Dear Baby Jesus,
It is so easy for me to focus on the idea that you came as a baby with the express purpose of dying on the cross 33 years later. And theologically, I stand by that. But I like to remember that you lived on this earth for those 33 years with purpose, as well, and that you came to the planet via the womb of a young girl, rather than just appearing as a 33-year-old revolutionary to lead the disciples or something. You could have come out of a cloud or apparated in the middle of the temple, or anything. But you allowed prophecies to be written about you hundreds of years before, and then came to the earth and fulfilled them perfectly, adding more and more validity to the story that was so eloquently written about you and before your time on earth.
And you appeared in Bethlehem, born to Mary, a sweet baby boy, wrapped in swaddling cloths and surrounded not by the warmth of a home or a fireplace, but by the chill of a night in Bethlehem (in early spring?). Your frightened teenage mother had no one there to comfort her during your birth except Joseph, who was puzzled in his own way about your arrival. They knew they were part of something big, and I love the completeness of that story – how someone so little brought about such a big gift.
Last night, I sat at a Christmas Eve service at my parents’ church with several of my family members. It’s a beautiful candlelit service in a big old Presbyterian church with the old-fashioned pews and stained glass windows and everything. The band led familiar Christmas carols and the pastor delivered a bright message on the love that God has for us and how we celebrate that at Christmastime. However, what I was paying attention to was the sweet little two-year-old sitting between me and her mother. (If you’d like to know how I feel about people with their young children in church, read this article). This adorable little girl had a grand ol’ time in the service, waving to her friend the worship leader, laughing at things none of the rest of us saw, scribbling on the back of the program, and tossing her mom’s iPhone into the pew in front of us. She thought it was hilarious, and so did I, though I think I was a bad influence with my giggling.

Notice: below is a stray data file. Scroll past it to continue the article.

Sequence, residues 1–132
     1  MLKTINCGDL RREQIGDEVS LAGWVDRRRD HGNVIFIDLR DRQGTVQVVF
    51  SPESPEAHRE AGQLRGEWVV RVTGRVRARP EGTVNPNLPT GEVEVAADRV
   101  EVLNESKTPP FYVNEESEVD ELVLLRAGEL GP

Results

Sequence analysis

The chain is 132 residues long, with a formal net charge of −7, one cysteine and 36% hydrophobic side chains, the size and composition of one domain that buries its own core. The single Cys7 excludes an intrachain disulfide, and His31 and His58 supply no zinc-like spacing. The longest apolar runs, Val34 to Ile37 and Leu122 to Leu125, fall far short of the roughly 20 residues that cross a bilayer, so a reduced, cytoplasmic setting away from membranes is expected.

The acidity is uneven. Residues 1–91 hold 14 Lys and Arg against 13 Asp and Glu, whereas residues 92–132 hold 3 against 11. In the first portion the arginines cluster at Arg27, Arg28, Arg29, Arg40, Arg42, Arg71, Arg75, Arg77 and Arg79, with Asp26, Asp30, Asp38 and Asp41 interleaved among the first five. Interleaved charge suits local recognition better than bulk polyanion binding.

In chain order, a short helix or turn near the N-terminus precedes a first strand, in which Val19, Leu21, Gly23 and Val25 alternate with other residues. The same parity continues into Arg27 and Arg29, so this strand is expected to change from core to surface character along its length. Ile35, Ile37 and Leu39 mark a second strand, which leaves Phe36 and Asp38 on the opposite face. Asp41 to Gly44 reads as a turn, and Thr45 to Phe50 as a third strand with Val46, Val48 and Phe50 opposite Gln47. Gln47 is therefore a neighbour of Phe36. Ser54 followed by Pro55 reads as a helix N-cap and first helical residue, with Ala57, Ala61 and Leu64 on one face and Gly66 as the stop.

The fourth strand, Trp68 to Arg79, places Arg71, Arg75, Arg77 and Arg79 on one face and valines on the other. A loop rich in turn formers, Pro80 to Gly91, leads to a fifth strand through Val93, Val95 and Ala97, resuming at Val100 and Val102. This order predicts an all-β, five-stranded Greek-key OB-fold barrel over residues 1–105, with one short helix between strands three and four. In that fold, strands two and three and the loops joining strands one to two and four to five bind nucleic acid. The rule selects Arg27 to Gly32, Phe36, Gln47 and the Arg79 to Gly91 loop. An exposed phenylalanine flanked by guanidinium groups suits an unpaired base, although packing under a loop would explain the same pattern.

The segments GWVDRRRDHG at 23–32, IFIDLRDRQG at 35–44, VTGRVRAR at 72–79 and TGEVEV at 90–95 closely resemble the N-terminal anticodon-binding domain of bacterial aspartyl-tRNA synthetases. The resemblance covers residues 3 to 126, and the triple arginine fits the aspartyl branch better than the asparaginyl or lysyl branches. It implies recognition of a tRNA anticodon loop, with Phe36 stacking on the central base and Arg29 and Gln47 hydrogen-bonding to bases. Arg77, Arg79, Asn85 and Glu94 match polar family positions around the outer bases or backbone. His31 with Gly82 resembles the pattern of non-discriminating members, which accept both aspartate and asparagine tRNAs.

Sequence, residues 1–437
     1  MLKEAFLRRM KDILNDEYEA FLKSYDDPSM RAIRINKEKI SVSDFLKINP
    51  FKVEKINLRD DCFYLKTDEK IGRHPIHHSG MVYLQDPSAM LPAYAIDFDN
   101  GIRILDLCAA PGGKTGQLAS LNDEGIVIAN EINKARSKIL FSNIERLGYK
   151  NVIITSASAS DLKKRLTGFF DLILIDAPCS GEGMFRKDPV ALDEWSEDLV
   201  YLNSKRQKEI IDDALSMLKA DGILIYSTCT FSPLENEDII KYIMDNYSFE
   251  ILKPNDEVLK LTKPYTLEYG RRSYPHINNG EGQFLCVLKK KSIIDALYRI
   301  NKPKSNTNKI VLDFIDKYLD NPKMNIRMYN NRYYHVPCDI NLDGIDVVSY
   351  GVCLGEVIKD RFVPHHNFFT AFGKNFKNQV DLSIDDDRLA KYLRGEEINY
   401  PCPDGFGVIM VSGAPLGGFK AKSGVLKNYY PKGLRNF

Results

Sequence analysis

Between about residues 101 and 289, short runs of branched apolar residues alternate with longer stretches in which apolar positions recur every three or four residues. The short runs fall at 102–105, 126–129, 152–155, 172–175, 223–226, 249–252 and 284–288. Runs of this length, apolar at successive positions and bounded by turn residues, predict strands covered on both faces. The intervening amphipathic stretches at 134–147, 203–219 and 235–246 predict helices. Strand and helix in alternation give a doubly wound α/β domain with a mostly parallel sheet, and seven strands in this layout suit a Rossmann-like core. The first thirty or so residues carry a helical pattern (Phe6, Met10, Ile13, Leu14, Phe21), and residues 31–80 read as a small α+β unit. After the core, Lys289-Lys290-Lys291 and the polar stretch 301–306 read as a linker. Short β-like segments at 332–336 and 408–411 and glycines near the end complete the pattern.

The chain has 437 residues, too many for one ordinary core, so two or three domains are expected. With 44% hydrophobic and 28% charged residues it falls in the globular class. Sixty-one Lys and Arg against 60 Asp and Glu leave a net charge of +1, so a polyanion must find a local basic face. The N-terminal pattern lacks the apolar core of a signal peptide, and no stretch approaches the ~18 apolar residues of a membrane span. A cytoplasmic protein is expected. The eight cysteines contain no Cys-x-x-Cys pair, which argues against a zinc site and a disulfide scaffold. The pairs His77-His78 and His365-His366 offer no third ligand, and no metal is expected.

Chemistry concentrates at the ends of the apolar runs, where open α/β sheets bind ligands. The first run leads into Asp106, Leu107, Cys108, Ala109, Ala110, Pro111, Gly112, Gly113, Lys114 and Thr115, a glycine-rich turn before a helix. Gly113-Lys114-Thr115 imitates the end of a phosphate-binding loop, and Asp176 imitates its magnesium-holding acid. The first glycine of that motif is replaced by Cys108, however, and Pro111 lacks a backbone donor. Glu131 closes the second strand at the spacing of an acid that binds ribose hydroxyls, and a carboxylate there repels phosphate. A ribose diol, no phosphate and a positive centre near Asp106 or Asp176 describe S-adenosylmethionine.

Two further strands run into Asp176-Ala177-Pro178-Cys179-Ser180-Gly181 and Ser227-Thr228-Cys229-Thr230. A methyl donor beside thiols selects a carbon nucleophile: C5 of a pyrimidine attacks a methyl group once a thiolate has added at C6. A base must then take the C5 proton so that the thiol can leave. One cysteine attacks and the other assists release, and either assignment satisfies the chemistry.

There seemed a clear distinction in that moment for me in that short hour of time between my usual focus – the content of the message (and a bit of my own criticism of it, I’m sure) and the adorable little girl next to me. Both her and her mother may have anticipated lots of shushing from church people in that time, maybe some dirty looks if she kept shouting gibberish toddler-language remarks during the prayers and Advent reading. But I loved it. It was so fun to be present to her during that time, to smile and laugh with her mother, to offer a pen when she wanted to draw some more, to dutifully hold her princess sippy cup when she got tired of carrying it, and to finally get her to warm up enough to let me bounce her while we sang. Anyone who knows me knows what a lovely treat that was for me, and I hope that the giggles exchanged in that moment, between two young women and a little girl, were reminiscent of Jesus’ little personhood at Christmas, and the big gift He gave – grace.
I’m so thankful for the gift of Christ’s salvation on earth this Christmas season, and I will try to remember God’s presence in all our moments – no matter how small.